As I write this column, it's -19 F outside in Chicago and this winter's worst weather. Yes, I get asked: "Why do people live there?" It's a great question, but the answer, I guess, is that though we complain about the cold, we secretly love to brag about our toughness in enduring it! There is something special about that toughness, and I appreciate roofing workers who endure days on end of working in extreme cold or heat and do the best work in the world. I think about those people often.
In many ways, our nation was built by people like roofing workers. Men and women who build roads, the buildings we work and live in, bridges, airports, furniture ... you name it. Standing unseen are the millions who make our lives better in countless ways. What would our world be like without them? Do you ever stop to thank them? Perhaps more important, do you consider their value?
I think of truckers. Every day at your roofing company, delivery trucks drive in full and out empty with the materials you need to conduct your business. In many ways, the trucking industry mirrors the roofing industry—strong people doing thankless work in most cases. It mirrors us in another way, too. Talk to any trucking company owner, and you are likely to hear there simply are not enough drivers. I hear from you, too, that deliveries are taking longer and trucking companies have become more demanding and difficult to find. I recently spoke to a friend of mine who is an independent trucker. You know what he told me? He hates delivering to roofing companies, so he chooses not to do it. Yes, he has enough work that he can choose.
He told me with new regulations restricting the hours he works, he has no extra time in his day to spend waiting for his truck to be unloaded. He tires of trying to find a foreman who can help unload when he does job-site deliveries. He admits he appreciates the work but wishes people would recognize his frustrations, too. The conversation got me thinking: Maybe we need to consider his words and respond in a way that makes roofing companies or job sites THE place truckers want to deliver to.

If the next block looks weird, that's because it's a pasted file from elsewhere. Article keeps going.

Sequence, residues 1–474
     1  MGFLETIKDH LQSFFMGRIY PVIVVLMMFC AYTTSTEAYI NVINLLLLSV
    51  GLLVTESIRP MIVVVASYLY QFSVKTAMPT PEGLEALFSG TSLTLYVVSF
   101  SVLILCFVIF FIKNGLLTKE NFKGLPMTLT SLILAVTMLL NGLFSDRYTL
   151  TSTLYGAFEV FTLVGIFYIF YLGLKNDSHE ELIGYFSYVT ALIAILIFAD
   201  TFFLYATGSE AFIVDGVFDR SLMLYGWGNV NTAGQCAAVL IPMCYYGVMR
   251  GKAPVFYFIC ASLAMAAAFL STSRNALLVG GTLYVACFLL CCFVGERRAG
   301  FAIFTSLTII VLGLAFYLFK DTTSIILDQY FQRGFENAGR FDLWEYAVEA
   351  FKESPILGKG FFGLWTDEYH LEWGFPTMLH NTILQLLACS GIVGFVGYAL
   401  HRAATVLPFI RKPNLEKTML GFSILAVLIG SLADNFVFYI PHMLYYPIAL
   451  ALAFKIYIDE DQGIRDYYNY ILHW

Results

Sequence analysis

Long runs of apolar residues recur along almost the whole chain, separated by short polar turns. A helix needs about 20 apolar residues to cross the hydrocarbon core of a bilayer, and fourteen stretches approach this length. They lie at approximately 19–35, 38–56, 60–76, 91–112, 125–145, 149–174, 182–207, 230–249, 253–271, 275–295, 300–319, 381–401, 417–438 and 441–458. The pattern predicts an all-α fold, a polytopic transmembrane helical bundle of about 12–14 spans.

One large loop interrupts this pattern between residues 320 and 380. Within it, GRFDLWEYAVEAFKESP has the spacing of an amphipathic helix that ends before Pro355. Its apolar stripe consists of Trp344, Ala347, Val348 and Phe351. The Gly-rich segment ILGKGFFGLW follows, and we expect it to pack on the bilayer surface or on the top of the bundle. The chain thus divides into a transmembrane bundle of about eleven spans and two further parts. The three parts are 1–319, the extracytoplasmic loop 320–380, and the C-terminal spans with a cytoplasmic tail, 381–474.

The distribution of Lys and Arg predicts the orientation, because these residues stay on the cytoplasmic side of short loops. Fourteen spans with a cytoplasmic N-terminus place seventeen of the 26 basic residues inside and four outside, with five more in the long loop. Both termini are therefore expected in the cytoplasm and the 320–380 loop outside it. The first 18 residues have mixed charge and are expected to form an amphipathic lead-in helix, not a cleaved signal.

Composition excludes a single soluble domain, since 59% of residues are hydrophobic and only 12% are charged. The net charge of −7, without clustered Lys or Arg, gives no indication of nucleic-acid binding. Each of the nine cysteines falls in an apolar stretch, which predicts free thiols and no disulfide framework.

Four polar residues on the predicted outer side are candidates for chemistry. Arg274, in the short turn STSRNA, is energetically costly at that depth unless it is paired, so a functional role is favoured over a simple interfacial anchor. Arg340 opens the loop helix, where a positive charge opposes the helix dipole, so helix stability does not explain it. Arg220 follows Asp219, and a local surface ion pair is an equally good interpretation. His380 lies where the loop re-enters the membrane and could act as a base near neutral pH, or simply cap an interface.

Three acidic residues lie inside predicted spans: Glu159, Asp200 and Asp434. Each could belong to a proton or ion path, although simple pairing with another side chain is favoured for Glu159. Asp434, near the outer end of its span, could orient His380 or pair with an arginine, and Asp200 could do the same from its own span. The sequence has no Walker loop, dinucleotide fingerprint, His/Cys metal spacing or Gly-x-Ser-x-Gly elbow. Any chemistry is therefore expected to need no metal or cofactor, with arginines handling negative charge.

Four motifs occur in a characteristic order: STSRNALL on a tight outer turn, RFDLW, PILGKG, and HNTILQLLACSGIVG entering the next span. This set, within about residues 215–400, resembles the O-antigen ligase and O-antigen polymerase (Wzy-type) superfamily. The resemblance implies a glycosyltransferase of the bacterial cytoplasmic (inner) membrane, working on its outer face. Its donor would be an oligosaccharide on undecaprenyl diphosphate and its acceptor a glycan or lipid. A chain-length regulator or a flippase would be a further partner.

First, if time is a trucker's biggest concern, we should work to shorten it. For example, you could provide advance instruction for job-site deliveries to streamline the time it takes from when a driver arrives until he or she leaves. When you can, preplan the process by getting clearance from the building owner or general contractor so the driver easily can find you and the place where materials need to be unloaded. Make sure there are workers with equipment ready to assist with the unloading process.
When a driver delivers to your office, the same things apply, but you might be able to offer some additional conveniences. Offer the driver a cup of coffee and use of your restroom. Prioritize unloading the truck as soon as it arrives, and make the driver know he or she matters to you. In essence, make your stop his or her best delivery experience of the day.
If you do things like this regularly, independent drivers will choose your delivery over someone less accommodating. I know what some of you are thinking: Why isn't payment enough to get good service? Maybe it should be, and it might be again if a day comes when there are more drivers than deliveries. But that is not the case. We all adapt to the circumstances we face. The best business leaders see this and make changes to allow their companies to win. A bit of kindness can go a long way in our stressed-out world. Consider giving kindness and consideration of others a chance. Your life might be better for it, and your deliveries might be on time.
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